Taking a U-TURN
Updated: Jul 20
Nandita flings her phone on the bed and sits on the rocking chair, taking deep breaths; she controls her tears. She feels anxious, restless and upset with her husband’s reaction over the phone.
‘Why can’t Vikas ever understand me?’ She moans. ‘Even after twenty-six years of marriage, things just seem to be getting worse. The misunderstandings are never-ending. He’s just never happy!’ Her eyes wander across the yellow wall in their bedroom, looking at the framed family photographs hung meticulously. The wall is full of the memories of their time spent together. ‘I don’t want to see you right now.’
Nandita digs through her side table drawer and finds her diary, notes, receipts, coins, lipbalm, night cream but nothing offers relief. Her thoughts are going haywire comparing her past and present, creating a needle in a haystack. ‘Ufff! I want it all to stop, but the recollections are relentless.’ These memories are the way she wished her life had been.
‘Maybe it would have been better if we had children?’ Nandita wonders to herself and gets up off the rocking chair. ‘We have tried so many times; it just never happens. The doctor visits, the check-ups, the medications. God, how much pain and sorrow we have gone through for so many years. In the end, I wanted to adopt a child. But by then, Vikas was giving up.’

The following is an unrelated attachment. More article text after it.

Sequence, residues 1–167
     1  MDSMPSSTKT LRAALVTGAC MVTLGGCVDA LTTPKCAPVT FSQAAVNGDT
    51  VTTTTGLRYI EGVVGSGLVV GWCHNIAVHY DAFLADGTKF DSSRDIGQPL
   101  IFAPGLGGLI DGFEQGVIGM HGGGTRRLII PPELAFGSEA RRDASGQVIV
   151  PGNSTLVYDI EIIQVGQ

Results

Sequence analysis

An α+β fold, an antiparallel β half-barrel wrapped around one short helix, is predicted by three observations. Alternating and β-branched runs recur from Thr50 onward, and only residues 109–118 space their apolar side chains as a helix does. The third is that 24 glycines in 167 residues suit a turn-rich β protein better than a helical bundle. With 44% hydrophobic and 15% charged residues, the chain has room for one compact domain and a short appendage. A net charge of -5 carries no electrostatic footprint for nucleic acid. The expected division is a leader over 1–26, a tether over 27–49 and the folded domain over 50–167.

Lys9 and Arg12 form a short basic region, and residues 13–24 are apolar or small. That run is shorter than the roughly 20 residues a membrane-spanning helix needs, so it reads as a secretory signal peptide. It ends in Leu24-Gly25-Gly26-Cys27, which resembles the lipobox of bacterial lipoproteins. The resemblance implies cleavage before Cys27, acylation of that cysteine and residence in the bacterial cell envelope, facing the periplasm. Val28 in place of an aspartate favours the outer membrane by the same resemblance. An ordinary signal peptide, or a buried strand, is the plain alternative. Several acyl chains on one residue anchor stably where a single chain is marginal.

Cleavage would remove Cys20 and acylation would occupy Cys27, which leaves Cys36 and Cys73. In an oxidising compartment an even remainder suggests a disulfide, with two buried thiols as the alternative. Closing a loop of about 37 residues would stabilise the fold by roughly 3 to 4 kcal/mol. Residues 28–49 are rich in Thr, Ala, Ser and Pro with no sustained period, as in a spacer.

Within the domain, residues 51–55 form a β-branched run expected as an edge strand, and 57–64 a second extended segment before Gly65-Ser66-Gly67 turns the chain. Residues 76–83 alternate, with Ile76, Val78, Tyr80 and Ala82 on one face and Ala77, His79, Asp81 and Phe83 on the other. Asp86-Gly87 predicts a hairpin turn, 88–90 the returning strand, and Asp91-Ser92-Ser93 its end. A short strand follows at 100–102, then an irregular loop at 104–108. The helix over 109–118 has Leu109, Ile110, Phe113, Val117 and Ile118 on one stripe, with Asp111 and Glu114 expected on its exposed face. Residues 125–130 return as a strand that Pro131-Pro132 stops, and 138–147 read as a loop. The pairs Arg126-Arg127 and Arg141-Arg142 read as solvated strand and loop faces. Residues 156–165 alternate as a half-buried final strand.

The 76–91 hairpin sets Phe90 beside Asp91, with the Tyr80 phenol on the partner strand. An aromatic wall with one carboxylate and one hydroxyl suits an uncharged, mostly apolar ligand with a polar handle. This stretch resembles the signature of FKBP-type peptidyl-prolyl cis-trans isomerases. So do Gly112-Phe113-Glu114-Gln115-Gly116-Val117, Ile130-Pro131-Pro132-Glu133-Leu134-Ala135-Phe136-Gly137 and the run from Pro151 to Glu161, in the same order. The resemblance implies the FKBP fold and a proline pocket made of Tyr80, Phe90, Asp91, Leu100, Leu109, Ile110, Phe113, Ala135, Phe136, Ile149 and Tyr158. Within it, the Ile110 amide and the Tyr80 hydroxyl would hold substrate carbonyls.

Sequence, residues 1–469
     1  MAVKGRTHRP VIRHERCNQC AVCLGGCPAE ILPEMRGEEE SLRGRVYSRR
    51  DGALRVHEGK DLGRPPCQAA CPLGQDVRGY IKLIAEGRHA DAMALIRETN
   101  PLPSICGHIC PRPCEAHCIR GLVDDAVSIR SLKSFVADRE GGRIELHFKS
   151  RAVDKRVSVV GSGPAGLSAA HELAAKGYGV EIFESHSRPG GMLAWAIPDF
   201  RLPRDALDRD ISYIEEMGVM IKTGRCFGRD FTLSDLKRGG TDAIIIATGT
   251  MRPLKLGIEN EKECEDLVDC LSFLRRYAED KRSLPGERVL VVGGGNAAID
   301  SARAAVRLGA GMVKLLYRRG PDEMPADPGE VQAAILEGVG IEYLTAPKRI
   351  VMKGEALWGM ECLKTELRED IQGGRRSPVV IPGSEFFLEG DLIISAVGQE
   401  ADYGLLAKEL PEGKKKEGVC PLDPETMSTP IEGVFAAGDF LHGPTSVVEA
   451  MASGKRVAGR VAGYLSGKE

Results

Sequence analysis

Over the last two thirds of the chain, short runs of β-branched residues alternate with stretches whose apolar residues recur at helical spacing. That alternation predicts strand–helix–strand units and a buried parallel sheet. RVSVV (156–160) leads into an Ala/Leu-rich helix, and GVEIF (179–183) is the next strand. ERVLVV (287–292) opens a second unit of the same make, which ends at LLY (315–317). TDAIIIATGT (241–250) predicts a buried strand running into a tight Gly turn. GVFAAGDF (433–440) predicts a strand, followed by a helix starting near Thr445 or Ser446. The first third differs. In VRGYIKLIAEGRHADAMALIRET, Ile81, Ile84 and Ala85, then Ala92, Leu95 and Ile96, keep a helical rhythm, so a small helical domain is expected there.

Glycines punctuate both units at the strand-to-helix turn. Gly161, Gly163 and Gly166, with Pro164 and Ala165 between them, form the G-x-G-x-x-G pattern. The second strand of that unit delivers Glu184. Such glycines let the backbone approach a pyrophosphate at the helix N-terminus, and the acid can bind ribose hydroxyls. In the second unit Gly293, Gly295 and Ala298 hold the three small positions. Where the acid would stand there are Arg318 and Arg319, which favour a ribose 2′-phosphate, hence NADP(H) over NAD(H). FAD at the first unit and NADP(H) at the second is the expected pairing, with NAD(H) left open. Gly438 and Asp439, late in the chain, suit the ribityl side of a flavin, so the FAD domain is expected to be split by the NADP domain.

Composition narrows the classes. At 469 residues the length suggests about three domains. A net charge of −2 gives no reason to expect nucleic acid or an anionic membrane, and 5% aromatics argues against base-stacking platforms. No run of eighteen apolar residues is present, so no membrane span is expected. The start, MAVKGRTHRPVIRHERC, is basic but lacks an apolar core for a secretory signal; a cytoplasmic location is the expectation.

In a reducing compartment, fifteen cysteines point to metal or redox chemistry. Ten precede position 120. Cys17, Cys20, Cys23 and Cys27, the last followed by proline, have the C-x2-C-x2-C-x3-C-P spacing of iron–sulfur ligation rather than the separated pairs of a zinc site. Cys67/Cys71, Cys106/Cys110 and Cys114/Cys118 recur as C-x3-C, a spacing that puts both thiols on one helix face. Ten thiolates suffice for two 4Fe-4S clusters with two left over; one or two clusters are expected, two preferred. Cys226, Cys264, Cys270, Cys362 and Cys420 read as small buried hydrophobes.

Nandita stands in front of the mirror in her dressing room, looking at her tired self. It has been a hard day at work. She unties her blue chiffon saree, slipping off her heels, wriggling her toes. She scrutinises the wrinkles on her face as she cleans her stale make-up with cotton and coconut oil. She then pulls back her cheeks with her fingers and looks closely into the mirror. ‘Maybe it’s the young fire that’s missing? Who knows? Not like I can go back in time,’ she shrugs her shoulders and changes into a comfy nightgown. She can feel her stomach rumble. ‘I better get something to eat before my sugars drop.’
‘Maybe we should just get a divorce?’ She wonders as she reheats her dinner in the microwave. ‘At least I would be a free woman. Shut up, Nandita. What am I thinking? Vikas is your college sweetheart. I can’t imagine my life without him. I’m just so upset with him, that’s all.’ Nandita lets out a long sigh and finishes off her dinner by herself in their two-bedroom apartment. The house is empty as the maid is on leave until the next day, and her husband is coming late from work, as usual.